Options include a Leather Package ($2,500) with leather upholstery (gray or beige), heated seats, memory function for seats and mirrors, Infinity sound system with subwoofer, six-CD changer, and a trip computer with four-inch monitor. Also optional are a sunroof ($900) and an Electronic Stability Package ($500), which consists of electronic stability control, traction control and brake assist. A Premium package ($1,300) is available with black leather upholstery, aluminum interior trim, a more deluxe gauge cluster, power-adjustable pedals, and P235/55R17 tires on 17-inch chromed alloy wheels. Pearl White paint ($200) and a trunk mat ($55) are available.
Safety features include front air bags, side air bags for front and rear seats, full-length curtain air bags, anti-lock brakes (ABS) with Electronic Brake-force Distribution (EBD), tire-pressure monitoring, seatbelt pretensioners and force limiters, and a LATCH child-seat system.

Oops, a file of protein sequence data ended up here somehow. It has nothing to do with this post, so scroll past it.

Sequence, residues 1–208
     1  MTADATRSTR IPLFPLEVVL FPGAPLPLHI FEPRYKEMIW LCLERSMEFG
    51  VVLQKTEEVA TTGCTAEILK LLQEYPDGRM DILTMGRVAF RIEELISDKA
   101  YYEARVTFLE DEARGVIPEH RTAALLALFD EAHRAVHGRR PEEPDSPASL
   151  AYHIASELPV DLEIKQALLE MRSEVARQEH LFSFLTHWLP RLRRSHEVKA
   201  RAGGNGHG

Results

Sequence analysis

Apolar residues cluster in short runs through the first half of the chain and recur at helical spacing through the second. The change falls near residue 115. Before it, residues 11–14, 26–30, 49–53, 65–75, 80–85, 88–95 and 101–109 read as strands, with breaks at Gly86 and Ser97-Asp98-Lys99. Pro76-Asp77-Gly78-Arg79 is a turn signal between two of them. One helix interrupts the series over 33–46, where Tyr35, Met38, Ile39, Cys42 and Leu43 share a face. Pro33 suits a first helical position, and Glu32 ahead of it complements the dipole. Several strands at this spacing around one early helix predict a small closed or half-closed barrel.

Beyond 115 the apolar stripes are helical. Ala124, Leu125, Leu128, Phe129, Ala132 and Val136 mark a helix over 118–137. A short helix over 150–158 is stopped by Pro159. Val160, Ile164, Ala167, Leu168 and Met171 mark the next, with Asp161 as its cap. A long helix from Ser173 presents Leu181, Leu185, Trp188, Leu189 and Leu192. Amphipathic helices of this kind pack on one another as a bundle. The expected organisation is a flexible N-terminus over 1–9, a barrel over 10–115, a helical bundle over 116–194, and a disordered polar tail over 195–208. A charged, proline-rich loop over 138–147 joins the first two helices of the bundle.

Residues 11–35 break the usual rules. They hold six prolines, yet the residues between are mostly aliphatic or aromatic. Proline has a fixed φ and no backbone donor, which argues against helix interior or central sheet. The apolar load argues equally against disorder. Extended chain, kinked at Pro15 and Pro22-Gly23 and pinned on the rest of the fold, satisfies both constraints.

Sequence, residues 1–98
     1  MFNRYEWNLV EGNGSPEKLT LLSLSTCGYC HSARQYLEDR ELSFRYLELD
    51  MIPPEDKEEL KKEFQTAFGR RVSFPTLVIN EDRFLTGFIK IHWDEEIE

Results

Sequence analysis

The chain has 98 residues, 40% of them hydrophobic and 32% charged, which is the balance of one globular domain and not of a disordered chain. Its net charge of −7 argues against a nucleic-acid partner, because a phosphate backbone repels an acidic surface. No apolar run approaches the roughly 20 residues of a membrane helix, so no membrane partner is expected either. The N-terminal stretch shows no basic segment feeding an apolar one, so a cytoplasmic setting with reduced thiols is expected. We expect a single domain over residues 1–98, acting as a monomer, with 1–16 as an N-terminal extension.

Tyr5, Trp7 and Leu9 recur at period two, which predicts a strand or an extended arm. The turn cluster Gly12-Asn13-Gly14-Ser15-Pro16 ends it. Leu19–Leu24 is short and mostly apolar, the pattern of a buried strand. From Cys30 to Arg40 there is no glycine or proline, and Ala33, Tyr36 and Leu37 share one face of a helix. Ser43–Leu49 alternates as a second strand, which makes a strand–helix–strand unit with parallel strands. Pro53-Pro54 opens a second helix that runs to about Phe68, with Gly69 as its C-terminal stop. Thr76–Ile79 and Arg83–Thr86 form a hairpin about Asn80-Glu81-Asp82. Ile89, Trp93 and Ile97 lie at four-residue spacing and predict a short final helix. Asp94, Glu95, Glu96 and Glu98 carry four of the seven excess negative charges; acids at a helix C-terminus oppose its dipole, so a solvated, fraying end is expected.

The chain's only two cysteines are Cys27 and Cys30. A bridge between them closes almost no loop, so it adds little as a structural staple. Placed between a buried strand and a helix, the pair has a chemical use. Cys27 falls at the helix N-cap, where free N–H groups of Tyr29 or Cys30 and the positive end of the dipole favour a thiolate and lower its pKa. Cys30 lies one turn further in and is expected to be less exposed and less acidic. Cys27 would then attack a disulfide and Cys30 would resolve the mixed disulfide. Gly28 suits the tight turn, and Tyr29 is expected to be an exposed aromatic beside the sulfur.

Fresh styling sets the current Kia Amanti apart from the 2004-06 models, and it looks contemporary. For 2007, the front and rear styling revised, and it's a much better looking car than the original. It's somewhat reminiscent of the Lincoln Town Car in a smaller scale, with a dose of early-postwar British eccentricity thrown in. The fact that the current model is 251 pounds lighter than its predecessor also counts when it comes to engineering refinement and fuel mileage.
Like the exterior, the interior of the Kia Amanti was significantly revised for 2007, trading a kind of Jaguar-meets-Buick look for the currently more fashionable solid-and-massive motif.